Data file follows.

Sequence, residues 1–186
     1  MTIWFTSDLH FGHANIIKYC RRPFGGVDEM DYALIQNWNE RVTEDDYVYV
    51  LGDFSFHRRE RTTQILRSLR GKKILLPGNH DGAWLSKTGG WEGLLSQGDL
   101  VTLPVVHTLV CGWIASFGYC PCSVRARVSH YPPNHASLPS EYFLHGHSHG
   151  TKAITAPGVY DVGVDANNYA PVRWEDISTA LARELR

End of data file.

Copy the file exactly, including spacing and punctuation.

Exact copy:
Sequence, residues 1–186
     1  MTIWFTSDLH FGHANIIKYC RRPFGGVDEM DYALIQNWNE RVTEDDYVYV
    51  LGDFSFHRRE RTTQILRSLR GKKILLPGNH DGAWLSKTGG WEGLLSQGDL
   101  VTLPVVHTLV CGWIASFGYC PCSVRARVSH YPPNHASLPS EYFLHGHSHG
   151  TKAITAPGVY DVGVDANNYA PVRWEDISTA LARELR